Oil lingered below this week's highs on Thursday, support from OPEC's commitment to controlling its output was partly offset by another rise in U.S. inventories.
The oil price touched USD 71 a barrel on Tuesday, near its high for the year, but has struggled to gain further traction since then, despite supportive comments from the Organization of the Petroleum Exporting Countries.
June Brent crude futures were down 39 cents at USD 68.37 a barrel by 1128 GMT, while the May contract, which expires later on Thursday, was down 9 cents at USD 69.44.
WTI crude futures fell 11 cents to USD 64.27 a barrel.
Oil has risen by 4 percent since January, on track for its third consecutive quarter of price increases and the longest stretch of quarterly gains since late 2010.
"Right now, oil looks fragile," Petromatrix strategist Olivier Jakob said. "The price action last week was pretty clear. The objective of that move was to take out the highs of 2018, but that's not been done and the price action of the last three days has not been very convincing,"
OPEC, Russia and some other non-OPEC producers started cutting output in January 2017, lifting the price of Brent - the benchmark for most of OPEC's exports - by about a quarter since.
Sources at OPEC said the group and its allies were likely to keep their deal on cutting output for the rest of 2018 when they meet in June.
But rising inventories and production in the United States has capped gains in crude prices. Commercial U.S. stocks rose by 1.6 million barrels in the last week to 429.95 million barrels, while output hit a record 10.43 million bpd, the Energy Information Administration (EIA) said.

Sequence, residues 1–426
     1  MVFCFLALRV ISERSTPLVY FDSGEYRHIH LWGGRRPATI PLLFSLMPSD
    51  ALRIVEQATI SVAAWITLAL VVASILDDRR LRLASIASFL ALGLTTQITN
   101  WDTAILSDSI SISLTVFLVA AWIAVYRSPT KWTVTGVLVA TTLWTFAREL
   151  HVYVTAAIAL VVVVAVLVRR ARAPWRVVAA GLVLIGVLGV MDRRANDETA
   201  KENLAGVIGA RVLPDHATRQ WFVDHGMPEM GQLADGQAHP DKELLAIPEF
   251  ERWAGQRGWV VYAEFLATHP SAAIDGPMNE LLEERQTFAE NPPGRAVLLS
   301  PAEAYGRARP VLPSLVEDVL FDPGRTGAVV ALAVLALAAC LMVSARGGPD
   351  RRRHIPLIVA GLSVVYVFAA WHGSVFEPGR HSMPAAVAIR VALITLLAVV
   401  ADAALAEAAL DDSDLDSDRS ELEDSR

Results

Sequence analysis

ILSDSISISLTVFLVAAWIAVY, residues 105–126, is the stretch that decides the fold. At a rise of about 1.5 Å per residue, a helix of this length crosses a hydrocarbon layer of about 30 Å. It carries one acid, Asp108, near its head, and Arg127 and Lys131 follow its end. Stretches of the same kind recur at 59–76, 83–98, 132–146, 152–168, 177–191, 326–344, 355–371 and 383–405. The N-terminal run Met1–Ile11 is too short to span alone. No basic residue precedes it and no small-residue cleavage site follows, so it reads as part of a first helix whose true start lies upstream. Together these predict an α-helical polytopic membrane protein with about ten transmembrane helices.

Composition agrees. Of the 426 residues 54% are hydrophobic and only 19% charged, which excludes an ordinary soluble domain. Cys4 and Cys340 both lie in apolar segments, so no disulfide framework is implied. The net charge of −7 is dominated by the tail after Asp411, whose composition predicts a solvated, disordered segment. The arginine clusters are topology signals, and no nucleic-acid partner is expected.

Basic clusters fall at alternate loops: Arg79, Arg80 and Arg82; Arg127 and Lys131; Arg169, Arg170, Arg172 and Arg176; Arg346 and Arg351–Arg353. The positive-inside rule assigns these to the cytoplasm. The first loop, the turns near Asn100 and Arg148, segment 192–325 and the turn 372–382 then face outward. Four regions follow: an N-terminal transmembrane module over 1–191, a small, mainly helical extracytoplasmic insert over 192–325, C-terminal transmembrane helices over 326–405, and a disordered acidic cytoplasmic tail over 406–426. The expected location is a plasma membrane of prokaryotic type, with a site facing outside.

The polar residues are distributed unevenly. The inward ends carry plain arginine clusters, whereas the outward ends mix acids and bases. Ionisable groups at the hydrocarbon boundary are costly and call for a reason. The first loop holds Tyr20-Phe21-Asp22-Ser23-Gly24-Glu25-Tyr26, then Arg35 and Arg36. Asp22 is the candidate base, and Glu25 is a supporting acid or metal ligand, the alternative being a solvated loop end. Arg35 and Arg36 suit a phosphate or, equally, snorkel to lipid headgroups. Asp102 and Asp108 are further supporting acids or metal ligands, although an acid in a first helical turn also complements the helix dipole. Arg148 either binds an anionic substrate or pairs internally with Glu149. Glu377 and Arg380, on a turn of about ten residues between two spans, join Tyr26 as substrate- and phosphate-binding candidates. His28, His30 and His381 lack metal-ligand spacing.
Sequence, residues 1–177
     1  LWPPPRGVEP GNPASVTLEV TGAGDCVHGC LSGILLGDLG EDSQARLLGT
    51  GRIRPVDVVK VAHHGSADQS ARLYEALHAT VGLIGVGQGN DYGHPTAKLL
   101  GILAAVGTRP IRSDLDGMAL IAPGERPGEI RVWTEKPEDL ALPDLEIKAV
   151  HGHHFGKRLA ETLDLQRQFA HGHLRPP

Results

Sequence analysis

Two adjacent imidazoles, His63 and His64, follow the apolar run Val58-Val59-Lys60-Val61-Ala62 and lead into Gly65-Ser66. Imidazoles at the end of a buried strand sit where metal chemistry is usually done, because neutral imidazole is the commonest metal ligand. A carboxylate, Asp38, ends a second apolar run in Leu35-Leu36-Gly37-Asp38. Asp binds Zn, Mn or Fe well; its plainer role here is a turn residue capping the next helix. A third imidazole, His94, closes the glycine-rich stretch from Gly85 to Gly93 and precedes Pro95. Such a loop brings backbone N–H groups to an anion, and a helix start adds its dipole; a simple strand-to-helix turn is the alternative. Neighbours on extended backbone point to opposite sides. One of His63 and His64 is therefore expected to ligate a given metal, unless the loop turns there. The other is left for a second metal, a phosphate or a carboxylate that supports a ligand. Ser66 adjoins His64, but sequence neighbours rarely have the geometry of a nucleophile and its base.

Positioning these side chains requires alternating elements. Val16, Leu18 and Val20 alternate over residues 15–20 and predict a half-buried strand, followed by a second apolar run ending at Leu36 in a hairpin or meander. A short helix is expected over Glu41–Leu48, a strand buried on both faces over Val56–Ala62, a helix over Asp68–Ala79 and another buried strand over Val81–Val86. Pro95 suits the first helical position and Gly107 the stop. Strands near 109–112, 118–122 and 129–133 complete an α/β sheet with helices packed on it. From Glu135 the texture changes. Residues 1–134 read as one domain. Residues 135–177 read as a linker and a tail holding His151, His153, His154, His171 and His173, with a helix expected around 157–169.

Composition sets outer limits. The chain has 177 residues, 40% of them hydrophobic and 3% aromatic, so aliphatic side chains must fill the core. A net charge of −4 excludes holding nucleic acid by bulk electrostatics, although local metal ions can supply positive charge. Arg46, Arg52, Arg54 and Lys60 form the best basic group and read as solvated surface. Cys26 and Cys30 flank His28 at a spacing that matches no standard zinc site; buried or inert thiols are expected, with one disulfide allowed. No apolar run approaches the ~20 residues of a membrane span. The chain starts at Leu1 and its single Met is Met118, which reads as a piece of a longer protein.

Inventories tend to build over the first quarter of the year as refineries shut down for maintenance. U.S. crude stocks have risen by 5.5 million barrels, marking the smallest increase in the first three months of the year since 2003.
"This is the third consecutive week of stock build at the WTI delivery hub, and as a result, we continue to see the Brent-WTI spread widen," ING said in a note.
The premium of Brent over WTI has grown to nearly USD 5 a barrel, the highest since January, up from about USD 2.70 a month ago, making Brent-linked crudes less attractive to refiners than U.S. oil.
This week marked the launch of the Shanghai crude oil futures contract, which has lost about 10 percent since it first opened on Monday. It ended Thursday's session at 409.7 yuan (USD 65.18) a barrel.
(This story has not been edited by Devdiscourse staff and is auto-generated from a syndicated feed.)